5. Julio Jones – Atlanta [6]

If forced into a moment of honesty, I’d disclose that the differences between Thomas, Bryant, Marshall, and Jones are minimal at their most extreme. Each one of these is a very solid number one. The frankenstein-esque bucket of metal parts in his foot is the only reason Jones is at the bottom of the group. If you draft Calvin in the first round, there’s a very compelling argument for getting the last guy in this group of four in round two.

6. Jordy Nelson – Green Bay [8]

Drafting Jordy Neldon is like buying a four-year-used Toyota Camry. You’re gonna have a very comfortable, safe, productive time. You’re gonna get reliability without a lot of thrills, spectacle, or fanfare. You’re gonna be happy with your purchase, without really knowing why. There’s nothing wrong with driving a Camry, in fact it’s probably a good idea. You don’t even have to watch it’s games, that Camry is going to end up getting you 5 to 7 catches, between 70 and 90 yards per game, and a touchdown every other. I’m probably going to end up with a Camry in a lot of my leagues this year.

7. Antonio Brown – Pittsburgh [9]

Antonio Brown is immensely talented. This talent is being put to good use, despite his stature not really being the picture of a star wide-receiver. Brown is one of only two receivers on this list under six feet tall, in fact he’s the shortest on the list so far by five full inches. What this means is that he has to out-play the opposing defenses. He has to run routes perfectly to pick up looks. Windows don’t just happen for him, he has a harder time winning jump-balls, and big Ben has to throw down to him. When it comes to Antonio Brown, it is very much a hard knock life. He has been able to overcome this with both his aforementioned immense talent, and a crazy number of targets. Based on where he’s being drafted, Brown could be one of the best PPR values in the game.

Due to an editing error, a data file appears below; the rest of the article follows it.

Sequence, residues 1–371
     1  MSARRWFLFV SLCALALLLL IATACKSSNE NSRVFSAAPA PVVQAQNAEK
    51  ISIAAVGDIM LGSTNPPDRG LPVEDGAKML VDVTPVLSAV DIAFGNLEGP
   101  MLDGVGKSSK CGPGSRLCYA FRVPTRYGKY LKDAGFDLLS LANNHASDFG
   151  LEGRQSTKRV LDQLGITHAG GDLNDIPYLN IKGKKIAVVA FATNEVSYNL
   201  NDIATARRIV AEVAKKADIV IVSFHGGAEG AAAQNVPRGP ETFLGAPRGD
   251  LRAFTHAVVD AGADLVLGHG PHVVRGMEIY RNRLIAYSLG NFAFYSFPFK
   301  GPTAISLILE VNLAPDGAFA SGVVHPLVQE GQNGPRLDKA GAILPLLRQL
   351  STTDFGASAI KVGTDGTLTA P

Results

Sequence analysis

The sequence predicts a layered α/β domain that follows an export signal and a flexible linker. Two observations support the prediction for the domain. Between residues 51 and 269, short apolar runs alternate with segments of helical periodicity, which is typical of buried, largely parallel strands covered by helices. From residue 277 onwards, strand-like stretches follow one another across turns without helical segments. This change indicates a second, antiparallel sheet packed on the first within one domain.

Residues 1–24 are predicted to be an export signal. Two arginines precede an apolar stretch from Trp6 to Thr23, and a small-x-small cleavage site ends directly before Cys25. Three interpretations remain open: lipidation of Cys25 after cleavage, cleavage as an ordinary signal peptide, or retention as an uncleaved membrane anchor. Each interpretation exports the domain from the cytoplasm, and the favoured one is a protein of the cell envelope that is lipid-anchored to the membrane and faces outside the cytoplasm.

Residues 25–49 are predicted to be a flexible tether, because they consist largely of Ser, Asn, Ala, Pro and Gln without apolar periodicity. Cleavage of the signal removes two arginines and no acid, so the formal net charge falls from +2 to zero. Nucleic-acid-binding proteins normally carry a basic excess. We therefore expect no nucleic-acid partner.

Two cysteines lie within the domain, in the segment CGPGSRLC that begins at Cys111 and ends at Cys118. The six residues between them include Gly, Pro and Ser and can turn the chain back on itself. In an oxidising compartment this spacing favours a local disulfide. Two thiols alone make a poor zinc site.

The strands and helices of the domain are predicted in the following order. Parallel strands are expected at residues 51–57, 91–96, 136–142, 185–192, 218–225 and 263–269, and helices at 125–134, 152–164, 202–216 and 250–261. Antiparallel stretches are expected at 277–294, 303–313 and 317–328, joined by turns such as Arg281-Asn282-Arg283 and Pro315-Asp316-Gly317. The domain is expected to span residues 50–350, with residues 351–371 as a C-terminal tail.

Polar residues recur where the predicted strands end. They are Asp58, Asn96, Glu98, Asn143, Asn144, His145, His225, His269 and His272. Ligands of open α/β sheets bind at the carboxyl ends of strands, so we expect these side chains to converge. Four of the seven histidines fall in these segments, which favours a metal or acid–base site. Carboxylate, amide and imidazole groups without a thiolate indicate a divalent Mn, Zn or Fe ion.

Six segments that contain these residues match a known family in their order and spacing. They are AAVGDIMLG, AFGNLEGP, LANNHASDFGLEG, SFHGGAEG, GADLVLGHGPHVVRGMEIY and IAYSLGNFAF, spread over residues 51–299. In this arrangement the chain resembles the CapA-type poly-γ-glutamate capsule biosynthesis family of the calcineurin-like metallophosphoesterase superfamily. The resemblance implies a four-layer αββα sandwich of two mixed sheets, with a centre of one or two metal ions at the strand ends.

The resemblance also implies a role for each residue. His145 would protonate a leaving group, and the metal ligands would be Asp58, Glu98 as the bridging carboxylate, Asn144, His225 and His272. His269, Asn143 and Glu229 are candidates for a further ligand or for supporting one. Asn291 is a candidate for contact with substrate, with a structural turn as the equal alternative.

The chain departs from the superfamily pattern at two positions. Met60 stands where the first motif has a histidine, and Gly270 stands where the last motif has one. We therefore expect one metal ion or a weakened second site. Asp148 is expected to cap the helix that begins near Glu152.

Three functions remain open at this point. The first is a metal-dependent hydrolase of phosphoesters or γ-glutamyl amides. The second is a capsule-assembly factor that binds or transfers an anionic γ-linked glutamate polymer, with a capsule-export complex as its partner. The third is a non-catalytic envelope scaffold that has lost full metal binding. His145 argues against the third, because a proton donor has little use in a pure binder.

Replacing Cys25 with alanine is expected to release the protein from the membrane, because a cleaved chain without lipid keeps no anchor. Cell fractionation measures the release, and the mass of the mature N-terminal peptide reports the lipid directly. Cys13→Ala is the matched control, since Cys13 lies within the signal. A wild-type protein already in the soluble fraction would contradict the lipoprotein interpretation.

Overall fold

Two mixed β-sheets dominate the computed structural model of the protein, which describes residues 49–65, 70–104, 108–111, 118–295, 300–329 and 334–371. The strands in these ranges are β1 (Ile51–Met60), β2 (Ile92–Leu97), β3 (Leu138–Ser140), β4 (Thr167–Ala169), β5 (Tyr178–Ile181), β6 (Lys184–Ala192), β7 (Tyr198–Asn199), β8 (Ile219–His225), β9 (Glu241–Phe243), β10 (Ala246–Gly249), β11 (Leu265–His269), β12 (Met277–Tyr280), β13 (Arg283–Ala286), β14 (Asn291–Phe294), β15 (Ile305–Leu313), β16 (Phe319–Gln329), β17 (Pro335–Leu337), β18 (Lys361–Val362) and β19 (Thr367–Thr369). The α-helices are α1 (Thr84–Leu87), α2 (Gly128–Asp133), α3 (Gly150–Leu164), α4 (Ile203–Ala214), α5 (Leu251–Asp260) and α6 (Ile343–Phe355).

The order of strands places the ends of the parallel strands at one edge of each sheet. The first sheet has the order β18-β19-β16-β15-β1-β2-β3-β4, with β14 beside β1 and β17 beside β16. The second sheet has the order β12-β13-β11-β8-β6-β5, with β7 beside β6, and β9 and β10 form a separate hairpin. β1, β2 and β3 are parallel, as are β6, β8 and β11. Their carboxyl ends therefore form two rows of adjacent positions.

8. A.J. Green – Cincinnati [4]

I’m low on A.J. Green. I understand this. I also understand that he’s being thrown to by an underpowered, low rated, ginger quarterback. An underpowered, low rated, ginger quarterback who was being artificially propped up by Jay Gruden. Green can make some serious plays on his own, and will therefore remain in the top ten, but I have a really hard time seeing him put up the type of touchdowns that he did last season.

9. Alshon Jeffery – Chicago [7]

The first number-two receiver to be covered here, Jeffery exploded onto the scene last year. He was the second option in the revitalized Chicago offense, and accounted for a serious presence on the field opposite Brandon Marshall. Skeptics will argue that Jeffery had his best games while Jay Cutler was on the bench with injury, and that because he will be the starting quarterback again this fall, Jeffery is due for a return to earth. To those people I would offer this: Yes, his franchise record breaking 249 yard game was under McCown. However, the record broken in that game was his own, set earlier that same season. The quarterback in that game? Jay Cutler.